Coronavirus trial delays are for the good of public health: lawyers association
The head of a lawyers association supports changes to Saskatchewan’s court schedule that include delaying jury trials at the Court of Queen’s Bench because of the novel coronavirus.
All jury trials scheduled to run between March 16 and May 30 are postponed in hopes of limiting the spread of COVID-19. Jury trials already underway are expected to proceed as scheduled.
Asked whether postponements will have a lingering effect on trial schedules, Watson said: “there’s no doubt this is going to have an ongoing impact.”
There is a 30-month deadline for Court of Queen’s Bench trials, according to the Supreme Court of Canada’s R. v. Jordan decision from 2016. Provincial court trials have an 18-month timeline.
“I cannot imagine a case being thrown out because of a delay,” Watson said, describing the COVID-19 pandemic as “exceptional circumstances.”
Defence lawyer Aaron Fox said if there’s a return to normal in a few weeks, there shouldn’t be an insurmountable backlog of cases. If COVID-19’s impacts continue into June, then Fox said he’s expecting a big difference.
“We haven’t had anything like this before,” Fox said.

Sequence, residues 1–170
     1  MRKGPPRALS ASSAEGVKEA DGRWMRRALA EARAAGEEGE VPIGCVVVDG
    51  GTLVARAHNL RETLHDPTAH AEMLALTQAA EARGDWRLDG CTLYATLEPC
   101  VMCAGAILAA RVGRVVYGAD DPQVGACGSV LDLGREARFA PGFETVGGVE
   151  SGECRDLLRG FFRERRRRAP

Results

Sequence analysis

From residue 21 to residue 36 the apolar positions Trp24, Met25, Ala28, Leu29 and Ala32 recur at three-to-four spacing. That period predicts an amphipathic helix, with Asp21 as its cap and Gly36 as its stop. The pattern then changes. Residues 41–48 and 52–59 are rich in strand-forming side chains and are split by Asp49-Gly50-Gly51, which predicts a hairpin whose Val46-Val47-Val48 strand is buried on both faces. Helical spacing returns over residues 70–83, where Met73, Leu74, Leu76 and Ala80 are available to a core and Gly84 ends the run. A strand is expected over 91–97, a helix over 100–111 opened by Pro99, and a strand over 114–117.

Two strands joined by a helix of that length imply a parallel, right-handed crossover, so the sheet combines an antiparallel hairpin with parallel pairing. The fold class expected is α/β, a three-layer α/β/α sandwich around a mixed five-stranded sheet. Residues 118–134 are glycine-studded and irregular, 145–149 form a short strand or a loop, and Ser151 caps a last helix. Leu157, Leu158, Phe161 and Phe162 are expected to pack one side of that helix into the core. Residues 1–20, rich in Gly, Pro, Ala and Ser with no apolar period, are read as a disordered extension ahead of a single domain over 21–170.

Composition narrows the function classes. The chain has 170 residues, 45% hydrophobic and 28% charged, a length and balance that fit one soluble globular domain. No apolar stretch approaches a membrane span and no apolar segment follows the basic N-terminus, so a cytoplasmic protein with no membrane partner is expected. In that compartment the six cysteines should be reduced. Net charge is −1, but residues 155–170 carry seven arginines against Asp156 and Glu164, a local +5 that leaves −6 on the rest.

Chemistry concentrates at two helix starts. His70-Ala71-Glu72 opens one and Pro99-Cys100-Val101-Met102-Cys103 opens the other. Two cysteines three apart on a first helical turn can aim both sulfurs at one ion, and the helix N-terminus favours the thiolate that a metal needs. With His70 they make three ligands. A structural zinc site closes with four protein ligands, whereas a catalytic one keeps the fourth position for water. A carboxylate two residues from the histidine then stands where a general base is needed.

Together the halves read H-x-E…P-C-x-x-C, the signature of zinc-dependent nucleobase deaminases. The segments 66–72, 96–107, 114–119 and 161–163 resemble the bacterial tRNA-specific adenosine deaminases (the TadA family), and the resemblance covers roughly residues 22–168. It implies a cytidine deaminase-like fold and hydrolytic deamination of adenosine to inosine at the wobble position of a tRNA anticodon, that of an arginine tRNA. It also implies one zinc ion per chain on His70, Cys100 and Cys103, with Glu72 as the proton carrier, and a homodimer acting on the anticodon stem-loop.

In theory, Fox said courts could sit on weekends or during evenings to catch up. The court sitting schedule could also extend into the summer.
Provincial court trials and preliminary hearings are proceeding as scheduled, though the decision is being revisited this week.
Video and audio appearances are encouraged.
The Saskatchewan Court of Appeal has no plans to cancel or reschedule hearings, according to a statement from Chief Justice Robert Richards.
Submissions can be made via phone, and the court is working on a video-audio link system.
Confused about COVID-19? Here are some things you need to know:
Health officials say the risk is low for Canadians but warn that this could change quickly. They caution against all international travel. Returning travellers are asked to self-isolate for 14 days in case they develop symptoms and to prevent spreading the virus to others.
Symptoms can include fever, cough and difficulty breathing — very similar to a cold or flu. Some people can develop a more severe illness. People most at risk of this include older adults and people with severe chronic medical conditions like heart, lung or kidney disease. If you develop symptoms, contact public health authorities.
To prevent the virus from spreading, experts recommend frequent handwashing and coughing into your sleeve. And if you get sick, stay at home.
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